FIG. 1 is a frontal perspective view of the modular display unit of this invention containing caulk tubes;
FIG. 2 is the perspective view of the display unit in FIG. 1 shown with the front panel of the unit rotated to an open position;
FIG. 3 is a side elevation sectional view of the display unit in FIG. 1 with the side panel removed to show the interior of the display unit;
FIG. 4 is an enlarged perspective view of a cylindrical tube product shown as a caulk tube standing upright; and
FIG. 5 is a horizontal cross-sectional view taken along lines 5--5 in FIG. 1.
Referring now to the drawings wherein like reference characters designate like parts, shown is the modular display unit 10 of this invention for containing elongated cartridge tubes 11 having a dispensing nozzle 9 at one end of the tube 11.
The modular display unit 10 comprises a container having an interior enclosure defined by a pair of side panels 12, a front panel 14, and a rear panel 16 as well as top and bottom panels 18, 20, where the rear and side panels can be molded integrally if desired. The front panel 14 can be fixed, but preferably is pivotably operative to open, as shown in FIG. 2, by rotating outwardly. Lower pivotal connections 22, 24 are preferred although similar pivotal connections at the top can be utilized if desired. The uppermost section of the front panel 14 contains two alignment openings 26, 28 aligned with individual interior compartments within the display unit 10 adapted to stack tubes in two separate single row vertical alignments. The lowermost section of the front panel 14 is essentially a recessed open space defined by depending laterally spaced arcuate connecting members 30, 32 rotatably secured to the front panel 14 by pivotal connections to the container sides 12 at pivotal points 22, 24. The display unit 10 is divided internally by a dividing means 19 to provide two separate internal compartments disposed laterally side by side, as seen in FIGS. 2 and 5.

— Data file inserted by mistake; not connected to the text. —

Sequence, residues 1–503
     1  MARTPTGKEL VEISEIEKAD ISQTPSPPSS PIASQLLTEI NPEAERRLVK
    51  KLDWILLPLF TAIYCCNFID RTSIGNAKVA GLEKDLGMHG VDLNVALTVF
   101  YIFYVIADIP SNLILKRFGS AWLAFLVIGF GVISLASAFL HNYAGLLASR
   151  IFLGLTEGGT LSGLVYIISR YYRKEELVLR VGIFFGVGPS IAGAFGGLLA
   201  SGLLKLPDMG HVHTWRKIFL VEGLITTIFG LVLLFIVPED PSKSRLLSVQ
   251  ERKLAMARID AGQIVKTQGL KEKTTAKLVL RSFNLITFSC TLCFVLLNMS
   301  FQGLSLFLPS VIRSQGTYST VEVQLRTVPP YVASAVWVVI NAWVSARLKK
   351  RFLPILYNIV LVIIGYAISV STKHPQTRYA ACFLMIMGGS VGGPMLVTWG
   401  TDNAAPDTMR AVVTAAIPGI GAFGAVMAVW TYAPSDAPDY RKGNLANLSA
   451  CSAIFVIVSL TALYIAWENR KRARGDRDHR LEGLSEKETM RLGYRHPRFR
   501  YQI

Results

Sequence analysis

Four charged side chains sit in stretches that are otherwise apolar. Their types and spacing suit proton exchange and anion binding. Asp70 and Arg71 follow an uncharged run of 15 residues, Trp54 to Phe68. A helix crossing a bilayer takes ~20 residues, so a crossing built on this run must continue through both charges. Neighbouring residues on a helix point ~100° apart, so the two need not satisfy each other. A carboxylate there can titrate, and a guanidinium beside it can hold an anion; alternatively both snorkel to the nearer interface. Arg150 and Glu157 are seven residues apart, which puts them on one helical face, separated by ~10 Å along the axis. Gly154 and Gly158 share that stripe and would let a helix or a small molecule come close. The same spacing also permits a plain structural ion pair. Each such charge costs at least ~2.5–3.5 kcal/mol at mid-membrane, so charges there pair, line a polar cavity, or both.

The internal structures of the front panel 14, as best shown in FIG. 2, comprises two vertical alignment channels 34, 36 laterally spaced by an intervening central spacing means 38 such as a raised shoulder or parallel dividers. The spacing means 38 is adapted to force gravity drop of the cartridge tubes into either one of the side channels 34, 36 aligned respectively with openings 28, 26 in conjunction with preventing backward insertion of the cartridge tube into the display unit 10. In this regard, the width of each channel 34, 36 is sufficient to accommodate the thickness (diameter) of the cartridge dispensing nozzle 9 while maintaining vertical alignment of the stacked cartridge tubes 11, as best viewed in FIG. 5. The width of each channel 34, 36 is considerably less than the width (diameter) of the cartridge tubes 11, which prevents backward insertion of the tube 11 into the display unit 10. The depth of each channel 34, 36 accommodates the length of the dispensing nozzles 9 and likewise assists in vertical alignment of the tubes 11. Forward alignment of the tubes 11 with the dispensing nozzles 9 extending outwardly is assured by maintaining the internal depth of the display unit 10 slightly longer than the length of the cylindrical tube member of the cartridge 11, as best viewed in FIG. 5, but considerably less than the overall length of the cartridge 11 including the dispensing nozzle 9. Accordingly, the flat bottom of the cartridge tube 10 interfaces with the rear panel 16 while the dispensing nozzle aligns within the channels 34, 36. The internal depth of the display unit 10 accommodating the cylindrical tube part of the cartridge 11 prohibits backward insertion of the cartridge tubes 11 into the display unit 10. The display unit 10 can be opened and closed, but preferably contains a mechanical pressure locking means 38 comprising a depressing monitor extending upwardly and adapted to interlock with a slotted member in the door 14 whereby mechanical friction prevents undesirable unlocking during consumer use of the display unit 10. Elongated, vertically orientated, narrow stops 8 are secured to the front edge of each side panel 12 to prevent forward movement of the upper tubes 11 when the door 14 is open.